That workflow, for the most part, needs to be purged from your memory, as the effects workflow of the past, and the effects workflow of the future really don’t mesh that well together. Fusion 15 should be your only workflow now inside of Resolve. To be honest, in the past, it was not the greatest of workflows, but in DaVinci Resolve 15, it’s one of the smoothest workflows you’ll find, and sets the new standard for motion graphics/visual effects integrations in non-linear editing applications. What’s very interesting is that effects in your timeline and effects inside of the Fusion 15 module of DaVinci Resolve 15 seem to be on two different continents that can’t see each other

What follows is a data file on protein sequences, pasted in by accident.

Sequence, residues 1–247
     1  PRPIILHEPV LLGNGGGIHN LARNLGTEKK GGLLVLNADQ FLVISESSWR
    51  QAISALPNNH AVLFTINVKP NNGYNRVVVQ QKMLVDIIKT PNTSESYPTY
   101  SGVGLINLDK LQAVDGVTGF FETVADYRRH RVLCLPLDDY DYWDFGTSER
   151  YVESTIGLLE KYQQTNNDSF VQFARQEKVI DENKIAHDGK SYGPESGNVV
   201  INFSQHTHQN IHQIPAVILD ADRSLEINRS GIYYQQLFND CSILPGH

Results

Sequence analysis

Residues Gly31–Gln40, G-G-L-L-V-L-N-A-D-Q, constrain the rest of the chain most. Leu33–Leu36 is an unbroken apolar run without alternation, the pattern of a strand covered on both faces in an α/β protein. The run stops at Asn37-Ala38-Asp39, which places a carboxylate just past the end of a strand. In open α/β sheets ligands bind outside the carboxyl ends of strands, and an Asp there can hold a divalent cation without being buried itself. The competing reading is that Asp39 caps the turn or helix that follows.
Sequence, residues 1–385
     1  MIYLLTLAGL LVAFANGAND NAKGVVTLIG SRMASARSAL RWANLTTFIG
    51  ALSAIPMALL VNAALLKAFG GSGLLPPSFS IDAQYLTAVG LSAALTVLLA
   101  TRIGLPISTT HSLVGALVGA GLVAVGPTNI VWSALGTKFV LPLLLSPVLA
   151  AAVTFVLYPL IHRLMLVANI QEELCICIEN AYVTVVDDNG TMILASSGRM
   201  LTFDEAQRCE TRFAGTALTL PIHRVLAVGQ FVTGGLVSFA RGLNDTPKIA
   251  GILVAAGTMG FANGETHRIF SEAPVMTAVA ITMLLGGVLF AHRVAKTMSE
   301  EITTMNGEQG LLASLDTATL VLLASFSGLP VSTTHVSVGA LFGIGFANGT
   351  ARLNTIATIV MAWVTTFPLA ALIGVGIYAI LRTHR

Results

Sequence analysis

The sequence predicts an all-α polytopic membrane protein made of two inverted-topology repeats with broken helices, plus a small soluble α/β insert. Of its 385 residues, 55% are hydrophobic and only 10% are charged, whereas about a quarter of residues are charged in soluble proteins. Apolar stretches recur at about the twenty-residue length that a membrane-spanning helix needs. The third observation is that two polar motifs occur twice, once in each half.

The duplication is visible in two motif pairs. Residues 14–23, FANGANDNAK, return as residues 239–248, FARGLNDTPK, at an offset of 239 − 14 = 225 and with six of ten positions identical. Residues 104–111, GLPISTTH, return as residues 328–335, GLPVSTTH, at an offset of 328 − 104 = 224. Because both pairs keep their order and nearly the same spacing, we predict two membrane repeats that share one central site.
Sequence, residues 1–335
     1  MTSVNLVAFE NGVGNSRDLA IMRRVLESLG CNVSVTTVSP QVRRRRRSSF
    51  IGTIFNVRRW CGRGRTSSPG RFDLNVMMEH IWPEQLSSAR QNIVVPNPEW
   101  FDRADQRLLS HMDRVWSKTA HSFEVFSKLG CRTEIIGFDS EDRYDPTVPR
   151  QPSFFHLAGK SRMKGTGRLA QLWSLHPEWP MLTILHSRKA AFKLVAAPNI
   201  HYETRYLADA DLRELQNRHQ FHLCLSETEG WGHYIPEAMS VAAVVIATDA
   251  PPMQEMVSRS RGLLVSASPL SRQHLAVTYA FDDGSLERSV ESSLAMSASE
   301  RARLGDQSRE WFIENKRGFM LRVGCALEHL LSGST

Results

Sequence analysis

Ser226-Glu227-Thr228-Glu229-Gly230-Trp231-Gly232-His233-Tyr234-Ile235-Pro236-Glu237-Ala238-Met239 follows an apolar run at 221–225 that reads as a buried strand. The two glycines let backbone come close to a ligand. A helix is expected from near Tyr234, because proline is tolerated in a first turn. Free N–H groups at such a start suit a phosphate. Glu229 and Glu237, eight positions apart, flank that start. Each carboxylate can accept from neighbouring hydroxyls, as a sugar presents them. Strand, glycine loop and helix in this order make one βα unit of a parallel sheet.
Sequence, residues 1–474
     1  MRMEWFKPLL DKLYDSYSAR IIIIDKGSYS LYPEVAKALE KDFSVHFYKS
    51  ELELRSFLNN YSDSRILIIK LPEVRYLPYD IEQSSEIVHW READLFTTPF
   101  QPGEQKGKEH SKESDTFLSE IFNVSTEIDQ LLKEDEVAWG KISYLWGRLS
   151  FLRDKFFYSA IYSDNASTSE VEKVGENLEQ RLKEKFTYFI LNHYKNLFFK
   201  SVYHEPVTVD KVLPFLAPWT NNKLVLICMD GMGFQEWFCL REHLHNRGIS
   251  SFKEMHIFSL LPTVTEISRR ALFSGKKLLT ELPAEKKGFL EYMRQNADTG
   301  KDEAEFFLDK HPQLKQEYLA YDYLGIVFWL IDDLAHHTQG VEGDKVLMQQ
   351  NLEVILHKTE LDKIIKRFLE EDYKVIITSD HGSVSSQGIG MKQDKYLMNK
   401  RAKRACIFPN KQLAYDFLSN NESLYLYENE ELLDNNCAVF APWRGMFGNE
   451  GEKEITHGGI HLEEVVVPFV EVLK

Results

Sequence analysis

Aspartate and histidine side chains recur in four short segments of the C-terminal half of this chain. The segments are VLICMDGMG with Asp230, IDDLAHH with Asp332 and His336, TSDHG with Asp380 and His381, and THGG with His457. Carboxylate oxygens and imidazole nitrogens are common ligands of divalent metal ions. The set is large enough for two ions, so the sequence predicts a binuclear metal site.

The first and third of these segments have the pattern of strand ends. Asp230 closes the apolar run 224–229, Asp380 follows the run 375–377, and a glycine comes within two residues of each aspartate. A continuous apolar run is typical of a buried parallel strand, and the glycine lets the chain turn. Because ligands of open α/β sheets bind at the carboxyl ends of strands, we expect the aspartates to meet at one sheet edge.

YOU MUST UNLEARN WHAT YOU HAVE LEARNED
Never have the words of Jedi Master Yoda been more important than they are now. Fusion 15 will change not only the way you work, but the way you think about motion graphics and visual effects as well. You can work with effects the way you did in the past, but with many Open FX filters, you’ll be missing out on some extra bells and whistles that you don’t have access to in the edit module, but we’ll get to those a little later on. Let’s take a look at the Fusion 15 workflow, and how it differs from the standard workflow, and I am going to use a workflow example of working with Mattes, as it’s one that has drastically changed since the inclusion of Fusion 15 inside of Resolve.